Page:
These respondents maintained that because of their nominal religious and, or cultural attachments, they had not considered conversion because they could not perceive how conversion might improve the quality of their lives. Their observations suggested that their religious and cultural differences were only occasional irritants in their lives that did not justify the effort it might take to convert.

5. Betraying One's Family and Faith Background

Converting to another faith tradition was conceptualized by many participants as a type of "renunciation" and "betrayal" of their current belief system.

Several respondents also considered conversion an act of "betrayal" and disloyalty to their culture, family, parents, or grandparents. The following is a typical response that was shared. "I really feel strongly about being Greek-Orthodox, and to a large extent that's probably because my family is Greek. Conversion would make me feel like I have been disloyal to my family and who they are." A concern not to upset or insult extended families was repeatedly mentioned as a factor that discouraged conversion. These participants frequently stated that if they opted to convert, they feared that this decision might somehow hurt their parents and perhaps their grandparents.

6. Growing up in an Interfaith Home

There were some participants who had been raised in an inter-Christian home environment that was both stable and happy. These individuals concluded that their positive family-of-origin experiences had made it easier for them to choose to enter and remain in an intermarriage. One such respondent said, "I grew up in an inter-Christian household. My father was Greek Orthodox and my mother was Catholic. My parents got along really well, and I have nothing but good happy memories of our home environment. So when I considered getting married, I wasn't concerned with the fact that we weren't going to have the same Christian background."

7. Minimal Extended Family Pressures

When spouses perceived that members from their family of origin did not strongly resist their decision to intermarry, participants indicated it was easier for them to choose to enter and remain in an intermarriage. "If I had gotten the kind of flack from my family that some of the people tonight have described, I might have thought twice about marrying someone from another religion. But my parents were not very concerned about this, so long as she was Christian. As long as she was Christian it didn't matter. So it was kind of easy for us to ignore the religious issue and just get married." This respondent seemed to suggest that the minimal family-of-origin pressures he had received regarding conversion seemed to enable him to remain indifferent to the notion of conversion.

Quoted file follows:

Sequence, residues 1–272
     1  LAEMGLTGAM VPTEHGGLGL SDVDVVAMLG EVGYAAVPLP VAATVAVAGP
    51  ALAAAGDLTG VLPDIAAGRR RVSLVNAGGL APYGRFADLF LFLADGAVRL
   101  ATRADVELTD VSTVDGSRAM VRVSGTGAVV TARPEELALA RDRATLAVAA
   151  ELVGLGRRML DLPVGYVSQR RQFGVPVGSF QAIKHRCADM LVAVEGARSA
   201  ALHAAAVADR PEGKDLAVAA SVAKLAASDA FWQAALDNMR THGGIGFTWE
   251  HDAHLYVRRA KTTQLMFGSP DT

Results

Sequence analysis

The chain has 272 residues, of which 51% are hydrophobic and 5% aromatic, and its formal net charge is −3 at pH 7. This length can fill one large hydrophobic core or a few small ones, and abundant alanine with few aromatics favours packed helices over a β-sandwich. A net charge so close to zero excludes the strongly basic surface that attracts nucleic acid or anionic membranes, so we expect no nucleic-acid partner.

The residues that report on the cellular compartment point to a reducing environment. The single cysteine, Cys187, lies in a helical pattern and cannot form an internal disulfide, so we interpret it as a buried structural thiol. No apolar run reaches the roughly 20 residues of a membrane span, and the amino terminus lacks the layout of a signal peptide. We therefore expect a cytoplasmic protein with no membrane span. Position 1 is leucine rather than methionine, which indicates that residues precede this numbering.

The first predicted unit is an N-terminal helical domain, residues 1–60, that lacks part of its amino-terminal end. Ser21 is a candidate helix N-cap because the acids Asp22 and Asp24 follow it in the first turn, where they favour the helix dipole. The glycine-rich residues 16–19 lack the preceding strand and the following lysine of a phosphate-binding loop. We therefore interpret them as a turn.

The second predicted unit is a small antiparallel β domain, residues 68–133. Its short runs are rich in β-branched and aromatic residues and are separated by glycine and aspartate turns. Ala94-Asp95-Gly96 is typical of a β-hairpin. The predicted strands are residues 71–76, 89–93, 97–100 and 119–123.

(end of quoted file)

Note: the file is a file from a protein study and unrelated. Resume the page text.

8. Conversion is a Personal Decision

We live in a society that espouses religious freedom. How one believes and what one believes is ultimately a personal choice.

Participants generally ascribed to this notion. They repeatedly stated that one's religious preference is more of a personal decision and less of a couple decision. They also frequently alluded to the serious nature of this decision, and observed that conversion should not be considered an option simply to satisfy the Church, their extended families, or their spouse. Conversion must be heartfelt and God-inspired, otherwise future resentments and regrets might develop which could serve to negatively impact the well-being of the marriage.

9. Respecting God's Will

It was not uncommon for participants to assert that they believed it was God's will that they respect each other's religious and cultural differences, and that a failure to do so was interpreted as disrespectful, unholy behavior. The following brief exchange between two members of a focus group is an example of this sentiment.